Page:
- So we see Jesus having a series of exchanges with the Pharisees and Sadducees. In case you don’t know, the Pharisees and the Sadducees were basically two groups of people who followed two schools of thought within Judaism. There are a lot of differences and a history of disagreements between the two groups, but that’s really all you need to know for today. And one of the people asks Jesus what the most important commandment is. This is actually a very good question because while the Jewish people started off with the 10 commandments, they’d been expanded to over 600 laws covering all aspects of life. One person couldn’t possibly keep all of these laws, so this question of the greatest commandment was a big one-we can’t keep all of these commands, so what should we prioritize?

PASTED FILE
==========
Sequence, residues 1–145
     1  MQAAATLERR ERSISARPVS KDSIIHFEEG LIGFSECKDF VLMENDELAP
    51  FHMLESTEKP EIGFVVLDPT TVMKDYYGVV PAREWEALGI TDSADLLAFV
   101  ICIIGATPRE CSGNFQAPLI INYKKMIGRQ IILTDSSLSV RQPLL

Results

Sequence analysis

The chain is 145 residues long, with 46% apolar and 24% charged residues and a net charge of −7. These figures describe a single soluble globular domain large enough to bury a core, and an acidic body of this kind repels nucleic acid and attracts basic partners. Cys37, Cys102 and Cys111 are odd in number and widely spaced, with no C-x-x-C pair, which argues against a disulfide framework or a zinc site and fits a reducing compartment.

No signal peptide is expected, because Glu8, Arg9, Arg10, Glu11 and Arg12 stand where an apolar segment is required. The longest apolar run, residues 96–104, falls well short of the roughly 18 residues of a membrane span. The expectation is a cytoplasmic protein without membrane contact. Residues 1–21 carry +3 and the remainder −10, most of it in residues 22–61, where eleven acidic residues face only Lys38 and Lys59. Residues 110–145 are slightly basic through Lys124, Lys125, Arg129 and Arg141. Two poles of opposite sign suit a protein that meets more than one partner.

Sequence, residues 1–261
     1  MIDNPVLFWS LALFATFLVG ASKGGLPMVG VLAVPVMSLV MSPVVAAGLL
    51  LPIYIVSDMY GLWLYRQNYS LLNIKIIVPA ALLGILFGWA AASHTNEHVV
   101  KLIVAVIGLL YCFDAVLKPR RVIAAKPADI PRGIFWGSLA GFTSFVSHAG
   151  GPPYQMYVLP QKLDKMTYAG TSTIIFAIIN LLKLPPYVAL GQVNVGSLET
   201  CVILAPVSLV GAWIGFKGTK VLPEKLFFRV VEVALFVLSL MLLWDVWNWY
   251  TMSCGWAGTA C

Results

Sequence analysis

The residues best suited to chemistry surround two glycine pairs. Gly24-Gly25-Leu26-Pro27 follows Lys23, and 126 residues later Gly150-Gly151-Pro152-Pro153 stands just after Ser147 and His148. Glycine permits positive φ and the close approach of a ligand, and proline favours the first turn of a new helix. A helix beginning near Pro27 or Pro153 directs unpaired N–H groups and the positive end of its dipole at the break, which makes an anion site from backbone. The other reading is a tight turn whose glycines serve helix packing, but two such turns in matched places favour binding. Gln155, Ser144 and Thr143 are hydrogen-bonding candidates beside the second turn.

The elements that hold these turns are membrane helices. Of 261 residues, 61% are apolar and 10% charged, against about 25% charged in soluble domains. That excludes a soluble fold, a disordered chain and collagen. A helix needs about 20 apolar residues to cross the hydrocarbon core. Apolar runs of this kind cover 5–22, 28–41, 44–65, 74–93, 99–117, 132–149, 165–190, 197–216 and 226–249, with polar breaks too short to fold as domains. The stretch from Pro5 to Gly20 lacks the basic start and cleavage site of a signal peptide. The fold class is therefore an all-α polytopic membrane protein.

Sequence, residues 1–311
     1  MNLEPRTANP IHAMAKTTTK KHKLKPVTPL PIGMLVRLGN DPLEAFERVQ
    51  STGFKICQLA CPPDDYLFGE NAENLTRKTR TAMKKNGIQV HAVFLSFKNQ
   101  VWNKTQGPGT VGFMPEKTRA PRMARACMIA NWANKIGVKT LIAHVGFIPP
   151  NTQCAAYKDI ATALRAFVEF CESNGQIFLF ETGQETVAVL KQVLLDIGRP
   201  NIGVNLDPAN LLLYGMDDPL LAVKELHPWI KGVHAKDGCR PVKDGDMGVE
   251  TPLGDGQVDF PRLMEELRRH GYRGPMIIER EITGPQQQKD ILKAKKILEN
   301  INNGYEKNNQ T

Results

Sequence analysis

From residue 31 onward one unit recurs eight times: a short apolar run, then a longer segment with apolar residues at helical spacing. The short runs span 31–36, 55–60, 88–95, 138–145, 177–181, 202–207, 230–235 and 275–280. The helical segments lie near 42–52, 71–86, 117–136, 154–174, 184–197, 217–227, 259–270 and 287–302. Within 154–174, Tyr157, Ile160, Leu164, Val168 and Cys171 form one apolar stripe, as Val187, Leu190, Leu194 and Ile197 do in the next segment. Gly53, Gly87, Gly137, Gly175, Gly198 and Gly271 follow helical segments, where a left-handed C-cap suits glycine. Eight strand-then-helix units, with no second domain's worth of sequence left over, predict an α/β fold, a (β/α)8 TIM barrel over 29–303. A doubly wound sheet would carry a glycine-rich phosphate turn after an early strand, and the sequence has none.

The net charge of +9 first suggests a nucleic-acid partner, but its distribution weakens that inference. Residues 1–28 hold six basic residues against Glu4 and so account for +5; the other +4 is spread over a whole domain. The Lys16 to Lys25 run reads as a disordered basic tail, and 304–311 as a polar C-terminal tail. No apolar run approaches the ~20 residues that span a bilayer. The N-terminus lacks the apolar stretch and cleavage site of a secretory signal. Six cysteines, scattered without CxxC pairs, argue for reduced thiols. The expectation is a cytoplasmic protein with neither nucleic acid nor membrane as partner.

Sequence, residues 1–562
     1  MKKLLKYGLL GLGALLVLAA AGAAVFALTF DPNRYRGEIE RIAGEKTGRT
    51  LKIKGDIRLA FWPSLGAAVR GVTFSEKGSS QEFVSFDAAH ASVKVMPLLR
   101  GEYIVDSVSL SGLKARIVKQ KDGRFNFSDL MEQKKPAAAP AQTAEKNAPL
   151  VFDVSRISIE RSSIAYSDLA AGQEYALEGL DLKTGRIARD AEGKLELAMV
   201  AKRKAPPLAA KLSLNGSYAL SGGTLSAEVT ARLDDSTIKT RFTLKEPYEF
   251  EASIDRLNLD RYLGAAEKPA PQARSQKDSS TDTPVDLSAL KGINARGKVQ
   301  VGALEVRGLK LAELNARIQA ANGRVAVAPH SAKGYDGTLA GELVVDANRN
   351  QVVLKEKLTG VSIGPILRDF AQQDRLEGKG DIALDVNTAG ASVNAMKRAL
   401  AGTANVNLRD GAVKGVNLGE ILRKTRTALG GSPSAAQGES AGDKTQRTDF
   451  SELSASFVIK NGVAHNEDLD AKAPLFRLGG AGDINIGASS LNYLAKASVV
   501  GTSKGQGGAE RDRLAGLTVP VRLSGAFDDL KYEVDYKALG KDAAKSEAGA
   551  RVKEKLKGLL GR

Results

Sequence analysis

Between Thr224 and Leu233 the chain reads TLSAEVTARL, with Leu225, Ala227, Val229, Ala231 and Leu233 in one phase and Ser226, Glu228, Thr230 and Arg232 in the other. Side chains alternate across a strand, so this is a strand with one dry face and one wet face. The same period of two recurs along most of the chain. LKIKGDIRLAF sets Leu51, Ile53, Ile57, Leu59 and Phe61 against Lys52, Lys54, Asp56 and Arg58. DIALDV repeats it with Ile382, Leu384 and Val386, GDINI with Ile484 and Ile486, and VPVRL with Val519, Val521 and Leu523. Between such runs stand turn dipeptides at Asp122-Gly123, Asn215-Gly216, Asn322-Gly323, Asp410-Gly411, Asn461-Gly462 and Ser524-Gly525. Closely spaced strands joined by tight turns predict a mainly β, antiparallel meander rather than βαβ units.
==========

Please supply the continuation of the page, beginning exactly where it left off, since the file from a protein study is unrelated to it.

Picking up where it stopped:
- And Jesus said that famous statement-“Love the Lord your God with all your heart, soul, and mind. And the second is equally as important, love your neighbor as yourself.” Jesus says the whole Bible is held up by these two commands-Love God and love people. It’s like they’re the nail that you pound into the wall and the Bible is the picture you hang on it.
- Now it’s important that he said to love God with all your heart, soul and mind. These three things were kind of seen by the Israelites as the three elements that made a whole human being. The heart is the seat of your emotions and understanding. Your soul is the source of life itself, the breath of God that animates us and gives us life. And the mind is the home of all of our intellectual powers. So Jesus is telling us to love God emotionally, intellectually, and in a way that penetrates to the very core of ourselves.